After a quiet 2005 & 2006, he returned to the top in 2007, travelling to Europe for the first time and defeating ROW (England) Heavyweight Champion Martin Stone in a non-title match, and in his return to Japan he won the annual Champion’s Carnival. 2008 saw even loftier heights again as a brief return to New Japan saw him capture the IWGP Heavyweight Title once again and he soon won another Triple Crown, making him only the second wrestler ever to hold both titles at the same time (Satoshi Kojima is the other). In early 2009 he dropped the IWGP Title to Hiroshi Tanahashi when he became the 50th IWGP Heavyweight Champion, which according to Muto could be his final appearance in New Japan after perhaps “passing the sash” to Tanahashi and allowing the young ace to lead his old home forward. He soon would drop the Triple Crown to respected veteran Yoshihiro Takayama, and now splits time between remaining active in & out of the ring, sometimes defending the unrecognized F-1 Tag Team Titles with partner Kannazaki, training new up-and-coming talents especially his current protege, the former sumo Ryota Hama, and every now & then still breaks out the face paint and appears as The Great Muta. Muto also makes an occasional and usually one-off appearance as the tattooed “Kokushi Muso”.
According to Masa Chono, Shinya Hashimoto, and himself, Muto, as a wrestler, grew up in the United States. He describes the United States as his soul-homeland. He often praises American wrestling-fans, as like “they are not just onlookers, but also match-producers”. Muto himself is worthy of much praise as a wrestler, not only is he among the greatest ever but he was one of the first Japanese wrestlers to really make inroads in the US and bring American and Japanese fans & wrestlers together. In August 2009 he celebrated his 25th year in puroresu, becoming the latest legend to mark a quarter-century in the ring. In October 2009 he made his first appearance ever in NOAH, participating in the promotion’s Mitsuharu Misawa Memorial events. In November 2009 he led All-Japan on a special trip to Taiwan, during which time he brought back The Great Muta for one show. And then in December 2009 he won the 2009 Real World Tag League with fellow old-timer Masakatsu Funaki, showing the youngsters and everyone else that he’s still got some gas left in the tank.
Muto suffered another knee injury in March 2010 and had surgery, but returned in September 2010 well ahead of schedule-he was expected to be out until sometime in 2011. He actually returned sooner than that, reviving The Great Muta for a special match in August 2010.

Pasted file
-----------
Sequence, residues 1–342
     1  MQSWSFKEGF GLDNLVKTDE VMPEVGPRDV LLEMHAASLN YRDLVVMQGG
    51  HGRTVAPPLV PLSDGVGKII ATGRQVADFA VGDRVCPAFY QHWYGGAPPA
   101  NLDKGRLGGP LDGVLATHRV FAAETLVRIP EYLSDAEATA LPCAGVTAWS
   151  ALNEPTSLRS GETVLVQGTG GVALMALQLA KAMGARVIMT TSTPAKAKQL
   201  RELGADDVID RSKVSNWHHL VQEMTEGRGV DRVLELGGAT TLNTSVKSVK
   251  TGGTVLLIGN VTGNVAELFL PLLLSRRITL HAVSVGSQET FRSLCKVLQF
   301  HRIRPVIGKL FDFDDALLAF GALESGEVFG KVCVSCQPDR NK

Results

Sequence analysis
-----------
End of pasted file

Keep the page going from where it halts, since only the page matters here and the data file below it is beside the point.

Muto resigned as President of All-Japan on June 7, 2011, taking responsibility for a backstage incident in which wrestler TARU assault fellow wrestler Nobukazu Hirai (Super Hate), causing Hirai to later suffer a stroke and also leading to the disbanding of the Voodoo Murders faction and the indefinite suspension of 4 wrestlers including (at the time) 2 titleholders. He had held the position for more than a decade.
Stats & Info:
Weight: 242 pounds/110 kg
Experience: 26 years
Finishing Move: Shining Wizard, Moonsault Press (special occasions only)
Current affiliation: All-Japan
Ring entrance theme: “Symbol”
Alternate gimmicks: The Great Muta (still used on special occasions), Kokushi Muso (used once in a while)
4-time IWGP Heavyweight Champion
6-time IWGP Heavyweight Tag Team Champion
1-time NWA World Heavyweight Champion
3-time All-Japan Triple Crown Champion
4-time All-Japan World Tag Team Champion
1-time NWA Florida Heavyweight Champion
1-time NWA World TV Champion
1-time WCW World Tag Team Champion
1-time WWC Puerto Rico Heavyweight Champion
1-time WWC TV Champion
1995 G1 Climax
1993, 1994, 1997, 1998, 1999 G1 Tag League
2002, 2004, 2007 Champions Carnival
2001, 2007 World’s Strongest Tag League
2009 Real World Tag League
2005 Tokyo Sports Grand Prix Best Tag Team Award (with Akebono)
2001 Wrestling Observer Newsletter Best Wrestling Maneuver
2001 Wrestling Observer Newsletter Match Of The Year
2001 Wrestling Observer Newsletter Most Improved Wrestler
2001 Wrestling Observer Newsletter Wrestler Of The Year
Inducted into Wrestling Observer Hall Of Fame in 1999
Ranked #7 In The 1999 PWI 500
Ranked #4 In The 2001 PWI 500
Ranked #3 In The 2002 PWI 500
Ranked #4 In The 2003 PWI 500
Ring entrance music: